▲ The Smart Grid Information Center houses a fully-functioning total operating center, which is the main brain of the island's sprawling smart power grid. Photo by Jean K. Min
Whenever I drive along Haengwon, one of the island’s key windmill clusters, I often wonder why each wind power generator there is of a different make and model. If maximum efficiency is the goal of every windmill cluster in the world, wouldn’t it be better to install the same make and model across the cluster?
This question was resolved last week upon a visit to the newly-opened Smart Grid showrooms. The windmills there were not set up for commercial power generation but were intended for beta-testing before mass deployment across the nation.
As the name of the Smart Grid test bed states clearly, the role of Jeju in popularizing the concept is to beta-test the feasibility of a variety of green energy alternatives and technologies and come up with some recommendations. One of the experiments includes recycling energy from used seawater when it is dumped from fish farms into the ocean.
Governor Woo Keun Min told The Jeju Weekly in late November 2010 [Issue 38] how Jeju Island has been designated a small-scale test area for a national 2.75 trillion won Smart Grid project set for completion in 2030.
“During the Italian G8 Summit [in 2009], each country was given an assignment. President Lee Myung Bak suggested that Korea would take up anything related to the Smart Grid,” Woo said.
Green energy is nothing new to the residents of Jeju. The island boasts hun-dreds of giant wind turbines planted along the shore, and many local farmers tap into solar-powered boilers and rooftop photo-voltaic panels for everyday energy use.
Despite the decades-long development though, today’s green energy still relies on the brute force of centralized power generation and distribution models inherited from the days of old-school energy pol-icies. The Smart Grid model tries to redesign the legacy power system from its core by incorporating a massively distributed but smartly-controlled micro power-grid, preferably owned by the people.
In the Smart Grid model, the distribution of electricity from the main power station would give way to the more efficient management of the micro-grid system. Each home would have either a wind turbine or photovoltaic panels installed. These again would be wired to the main grid.
But why did Seoul pick Jeju Island for the test bed rather than competing cities on the mainland? “An island is an ideal place to beta-test a micro-grid system and fine tune its control algorithm,” Kim Dae Hwan, the chief executive of Daekyung Engineering, a Jeju-based construction and engineering firm experimenting with a similar concept in Gapado, told The Jeju Weekly. If the system performs well on the test bed and is judged to be ready for full-scale commercial application, Kim believes green energy researchers could transplant the model to the mainland and then the world.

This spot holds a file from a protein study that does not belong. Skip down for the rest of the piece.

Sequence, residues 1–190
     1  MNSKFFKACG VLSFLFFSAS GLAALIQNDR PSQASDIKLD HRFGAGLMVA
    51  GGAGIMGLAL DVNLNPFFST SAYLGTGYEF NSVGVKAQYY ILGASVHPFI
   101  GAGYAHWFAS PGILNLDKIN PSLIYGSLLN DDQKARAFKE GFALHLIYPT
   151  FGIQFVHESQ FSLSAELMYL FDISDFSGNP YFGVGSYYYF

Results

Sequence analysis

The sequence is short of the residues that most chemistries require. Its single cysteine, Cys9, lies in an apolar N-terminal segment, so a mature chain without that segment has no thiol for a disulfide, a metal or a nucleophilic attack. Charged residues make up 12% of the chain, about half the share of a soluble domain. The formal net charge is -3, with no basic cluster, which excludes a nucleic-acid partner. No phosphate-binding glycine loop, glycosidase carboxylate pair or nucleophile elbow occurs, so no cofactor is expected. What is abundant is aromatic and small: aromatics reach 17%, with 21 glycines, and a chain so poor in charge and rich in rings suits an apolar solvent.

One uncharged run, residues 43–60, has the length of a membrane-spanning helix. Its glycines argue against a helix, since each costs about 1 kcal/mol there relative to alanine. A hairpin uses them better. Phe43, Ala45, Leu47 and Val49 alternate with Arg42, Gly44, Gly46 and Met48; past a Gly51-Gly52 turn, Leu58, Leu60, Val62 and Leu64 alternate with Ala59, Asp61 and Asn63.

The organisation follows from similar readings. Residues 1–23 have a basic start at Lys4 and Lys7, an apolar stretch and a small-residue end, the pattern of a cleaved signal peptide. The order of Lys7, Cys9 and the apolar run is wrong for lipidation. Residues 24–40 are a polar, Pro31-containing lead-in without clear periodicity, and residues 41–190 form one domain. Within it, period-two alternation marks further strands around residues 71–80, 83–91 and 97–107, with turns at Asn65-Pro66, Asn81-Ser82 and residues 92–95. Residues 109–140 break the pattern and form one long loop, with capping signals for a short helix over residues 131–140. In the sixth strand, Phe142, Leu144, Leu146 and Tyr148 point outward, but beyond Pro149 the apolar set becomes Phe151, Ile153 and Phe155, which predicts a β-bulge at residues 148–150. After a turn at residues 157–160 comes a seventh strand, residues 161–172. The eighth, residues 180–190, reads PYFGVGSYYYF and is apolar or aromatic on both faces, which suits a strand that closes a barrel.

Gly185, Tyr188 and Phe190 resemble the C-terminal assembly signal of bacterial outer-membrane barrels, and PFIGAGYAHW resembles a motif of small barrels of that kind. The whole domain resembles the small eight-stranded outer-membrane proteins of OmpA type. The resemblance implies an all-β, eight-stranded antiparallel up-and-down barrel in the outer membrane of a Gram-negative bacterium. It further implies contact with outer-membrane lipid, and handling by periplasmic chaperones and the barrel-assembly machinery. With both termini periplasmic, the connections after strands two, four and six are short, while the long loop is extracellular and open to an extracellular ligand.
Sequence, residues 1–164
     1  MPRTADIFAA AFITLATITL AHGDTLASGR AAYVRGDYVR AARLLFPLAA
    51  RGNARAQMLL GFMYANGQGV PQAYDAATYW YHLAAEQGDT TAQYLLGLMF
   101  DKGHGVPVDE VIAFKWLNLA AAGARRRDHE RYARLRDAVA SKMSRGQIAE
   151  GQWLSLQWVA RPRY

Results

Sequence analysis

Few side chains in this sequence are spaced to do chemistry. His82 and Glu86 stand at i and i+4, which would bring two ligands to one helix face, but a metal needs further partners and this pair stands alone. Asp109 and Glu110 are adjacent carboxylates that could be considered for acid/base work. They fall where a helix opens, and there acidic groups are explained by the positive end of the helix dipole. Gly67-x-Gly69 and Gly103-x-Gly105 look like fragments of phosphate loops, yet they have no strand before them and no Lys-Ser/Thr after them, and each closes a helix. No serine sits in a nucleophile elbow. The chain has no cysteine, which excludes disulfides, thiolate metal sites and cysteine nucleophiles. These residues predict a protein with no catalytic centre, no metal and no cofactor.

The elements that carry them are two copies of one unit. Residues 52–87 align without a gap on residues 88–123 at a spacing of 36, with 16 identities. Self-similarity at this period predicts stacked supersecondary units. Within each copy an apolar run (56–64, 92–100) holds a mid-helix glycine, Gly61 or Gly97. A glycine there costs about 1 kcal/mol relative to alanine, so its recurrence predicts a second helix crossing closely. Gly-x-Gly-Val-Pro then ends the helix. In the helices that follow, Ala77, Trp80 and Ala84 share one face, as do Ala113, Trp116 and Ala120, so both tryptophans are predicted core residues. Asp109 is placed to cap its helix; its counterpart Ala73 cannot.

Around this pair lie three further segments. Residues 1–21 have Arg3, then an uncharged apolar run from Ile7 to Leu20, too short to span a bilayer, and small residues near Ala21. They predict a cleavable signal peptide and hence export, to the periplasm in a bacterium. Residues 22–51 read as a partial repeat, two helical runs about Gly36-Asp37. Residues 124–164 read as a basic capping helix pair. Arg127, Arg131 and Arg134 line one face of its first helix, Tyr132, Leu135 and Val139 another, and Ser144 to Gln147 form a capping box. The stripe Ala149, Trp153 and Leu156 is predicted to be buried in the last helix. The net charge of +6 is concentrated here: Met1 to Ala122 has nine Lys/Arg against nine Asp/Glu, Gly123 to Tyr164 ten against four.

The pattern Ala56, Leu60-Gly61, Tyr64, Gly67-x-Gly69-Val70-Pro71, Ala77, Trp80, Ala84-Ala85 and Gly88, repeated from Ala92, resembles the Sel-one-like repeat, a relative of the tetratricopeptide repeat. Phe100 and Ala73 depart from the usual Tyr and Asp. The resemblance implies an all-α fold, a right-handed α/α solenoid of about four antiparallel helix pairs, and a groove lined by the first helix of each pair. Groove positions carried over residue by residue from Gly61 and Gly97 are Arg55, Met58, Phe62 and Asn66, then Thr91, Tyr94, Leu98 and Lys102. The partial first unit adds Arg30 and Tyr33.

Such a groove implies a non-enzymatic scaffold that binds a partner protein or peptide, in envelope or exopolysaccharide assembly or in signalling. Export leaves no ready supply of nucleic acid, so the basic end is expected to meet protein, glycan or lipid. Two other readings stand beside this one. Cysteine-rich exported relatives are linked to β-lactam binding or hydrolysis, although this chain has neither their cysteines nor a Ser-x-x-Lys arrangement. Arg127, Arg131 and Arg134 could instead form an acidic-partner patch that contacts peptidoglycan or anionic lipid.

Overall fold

Such a routine in the application of systemic innovation is not new. Better Place, an Israel-based start-up that aims to transform ground transportation by employing electric cars and nation-wide battery swap stations started its first experiment in Hawaii, before it applies the concept to the 48 contiguous states.
The Smart Grid test bed in Jeju is not a single facility. It is composed of five main showrooms and test facilities owned and run by LG, GS Caltex, SK, POSCO and KEPCO and includes a fully-functioning total operating center (TOC). The show-rooms and test facilities are scattered along the Northeastern corridor of Jeju Island. [See accompanying map for a more detailed guide of the facilities.]
Hopping over those showrooms, wind-mills, and solar panels, planted along some 20 kilometers, this writer felt they would make a perfect green energy tour course for students on school excursions to Jeju.
Hong Sung Hwa, Jeju MICE industry project director, concurs. Hong believes that the island’s status as a test bed for the nation’s carbon-free economy has offered its MICE industry an unusual oppor-tunity—a special-themed tour about green energy infrastructure and the smart grid energy network. “In the future, the test bed will function as an educational field trip site for relevant enterprises and students alike,” he told The Jeju Weekly.
Two tour programs have been conceived to capitalize on the Smart Grid test-bed: Smart Power and Smart Solar. While the first focuses on informing the visitors about the history of Jeju’s energy usage, the second focuses on programs related to future energy alternatives. All the while, visitors will be exposed to Jeju’s exquisite scenery and uniquely traditional monuments like Seongsan Sunrise Peak and the Jeju Folk Village.
Lee Jae Wook, vice manager of Singapore Tourism Board, advised during the 2nd Jeju Int’l Green MICE Week last October that Jeju will ultimately need to have its own home-grown industrial base to jump start the MICE business. A full-fledged industrial complex based in the island will naturally attract lots of future conventions and corporate events inherent in the industry, he said.
For now, the island’s test bed for green energy and Smart Grid seems to fit the bill.
ⓒ Jeju Weekly 2009 (http://www.jejuweekly.com)
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